8. References Consulted: Exum, Bambi. A to Z Teacher Stuff. (May 6, 1997). Classifying the Five Senses. Retrieved February 1, 2010, from A to Z Teacher Stuff Website; http://eduref.org/Virtual/Lessons/Health/Body_Systems_and_Senses/BSS0002.ht ml Pictures; Retrieved February 1, 2010, from Google Image Website; http://images.google.com/images?hl=en&source=hp&q=cartoon%20ear&oq=&um =1&ie=UTF-8&sa=N&tab=wi

Alise Farrell Subject: Science Grade: 3rd

Lesson Title: Touch and Feel Box Materials Needed: Any type of box (shoe box, hat box, etc.) Black stretchy material (spandex material) Black paint to paint the inside of the boxes Paint brushes Scissors Exacto-knife Glue Stapler Objects that have distinctive textures: o Rocks o Feathers o Pinecones o Leaves o Nuts

Prerequisite Skills: Student should understand the concept of the five senses. Students should know the procedure and concept of touch, which is the fourth sense we are focusing on for this unit. Lesson Objective: a. Third grade students will identify and describe objects through their sense of touch. This will enable students to develop their description skills. b. Students will take turns and follow group procedure having every member of the group participate and have a role. Each student will be aware of what their role requires and how to fulfill those requirements. Cooperative Learning Grouping Structure: Jigsaw

Interaction with Students:

Objectives (5 minutes): Today we are going to learn about our fourth sense, which is touch and practice taking turns and following group procedures. You will be working in a group with three other students to create a touch box. In your group you will all have different roles. Depending on which role you are assigned you will be fulfilling the task it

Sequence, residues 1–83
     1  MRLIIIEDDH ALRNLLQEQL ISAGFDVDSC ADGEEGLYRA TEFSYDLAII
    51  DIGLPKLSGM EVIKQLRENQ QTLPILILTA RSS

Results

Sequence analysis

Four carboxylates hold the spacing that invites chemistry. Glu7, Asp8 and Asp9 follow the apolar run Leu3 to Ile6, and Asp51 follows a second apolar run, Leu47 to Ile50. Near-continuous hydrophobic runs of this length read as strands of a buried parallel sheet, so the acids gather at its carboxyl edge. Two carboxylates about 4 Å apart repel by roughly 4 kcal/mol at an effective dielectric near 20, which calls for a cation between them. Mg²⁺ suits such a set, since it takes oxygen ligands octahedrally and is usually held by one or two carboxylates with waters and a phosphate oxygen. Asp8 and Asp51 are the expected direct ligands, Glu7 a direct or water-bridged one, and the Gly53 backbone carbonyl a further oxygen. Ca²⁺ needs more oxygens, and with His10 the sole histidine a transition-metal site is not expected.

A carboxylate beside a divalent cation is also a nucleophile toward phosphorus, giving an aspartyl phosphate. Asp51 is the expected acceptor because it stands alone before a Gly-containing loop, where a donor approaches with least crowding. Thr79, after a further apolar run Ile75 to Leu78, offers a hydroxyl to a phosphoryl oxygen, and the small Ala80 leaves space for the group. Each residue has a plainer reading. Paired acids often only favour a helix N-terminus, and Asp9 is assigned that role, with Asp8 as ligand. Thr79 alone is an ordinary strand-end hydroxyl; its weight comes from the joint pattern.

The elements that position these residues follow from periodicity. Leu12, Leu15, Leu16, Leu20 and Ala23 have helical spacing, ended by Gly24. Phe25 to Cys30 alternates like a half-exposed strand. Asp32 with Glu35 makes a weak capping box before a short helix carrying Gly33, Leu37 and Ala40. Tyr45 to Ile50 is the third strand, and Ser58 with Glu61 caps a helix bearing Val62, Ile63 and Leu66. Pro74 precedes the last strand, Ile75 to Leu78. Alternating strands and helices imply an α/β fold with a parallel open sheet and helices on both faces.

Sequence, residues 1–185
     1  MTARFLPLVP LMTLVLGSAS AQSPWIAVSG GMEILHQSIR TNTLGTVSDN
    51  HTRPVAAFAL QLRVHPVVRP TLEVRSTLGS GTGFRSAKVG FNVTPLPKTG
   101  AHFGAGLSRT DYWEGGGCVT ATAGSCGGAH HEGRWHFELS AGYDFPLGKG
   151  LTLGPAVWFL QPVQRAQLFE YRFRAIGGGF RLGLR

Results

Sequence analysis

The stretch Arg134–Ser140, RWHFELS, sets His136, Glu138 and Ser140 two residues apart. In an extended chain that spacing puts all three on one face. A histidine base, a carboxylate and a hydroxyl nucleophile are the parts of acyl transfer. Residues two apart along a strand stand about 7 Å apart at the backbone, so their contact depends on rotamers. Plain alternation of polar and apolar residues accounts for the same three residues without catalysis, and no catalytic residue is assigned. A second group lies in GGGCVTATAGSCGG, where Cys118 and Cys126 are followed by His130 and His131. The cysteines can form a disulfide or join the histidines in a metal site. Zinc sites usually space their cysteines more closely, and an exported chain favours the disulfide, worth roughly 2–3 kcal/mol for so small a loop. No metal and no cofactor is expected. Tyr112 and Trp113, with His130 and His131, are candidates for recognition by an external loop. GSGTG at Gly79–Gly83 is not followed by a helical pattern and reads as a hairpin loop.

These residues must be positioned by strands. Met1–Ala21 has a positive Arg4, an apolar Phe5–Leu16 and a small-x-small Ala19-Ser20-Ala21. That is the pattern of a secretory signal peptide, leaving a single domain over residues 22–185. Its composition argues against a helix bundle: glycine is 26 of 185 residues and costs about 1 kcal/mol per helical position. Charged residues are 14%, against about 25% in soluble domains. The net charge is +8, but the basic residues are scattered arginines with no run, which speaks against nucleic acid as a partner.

requires to create a box with one mysterious object in it for the rest of the class to explore. Students will then be asked to figure out what is in each box based off of its texture and what they feel. Our main task and focus will be the process of making a touch box for each group. Information for Academic Goal (20 minutes): Each one of you will be given a role. Your job in each group will be to construct the boxes following these following steps. Note: each group member will be taking turns and doing different things to contribute to the process. 1. Paint the inside of the boxes black 2. Cut a hole in the box big enough for a student's hand to fit through. a. The hole may be made on the end, front or top cover. 3. Cut stretchy fabric into a square. This can go outside the box and cover the hole. 4. Glue and staple the fabric around the outside of the hole so students cannot look through the hole and see the object. 5. Attach the fabric on three sides leaving one edge open. 6. Place an object inside the box and close the cover. Each group will work collaboratively. After each box is created, the groups will use one of the objects given to them to place inside the box. Once all the groups have completed this task all the students will be given the chance to explore the other groups boxes and record what they believe is in each of them. They will record it in their writing log. Students will be expected to write descriptive words in order to figure out what is in each box. Organize Students into Learning Teams (10 minutes): a. While constructing the box students will take turns creating each step and contributing to recording what is inside of them. b. Students will be placed into groups randomly by numbering off 1 to 4 while seated in their assigned desks. c. Within their group students will volunteer to be assigned a specific group role. The roles students can choose from are as follows: i. Coach: Instructs each group member and helps prepare them with the materials and instructions they need to complete this project (student who prepares all of the materials) ii. Captain: Oversees the entire group project and comes up with the idea and design of the box. Also reads aloud the directions/steps for creating the box. iii. Player: Student who does most of the constructing of the box itself. iv. Referee: Student who assists the player in creating the box and helps make decisions about the construction of the box.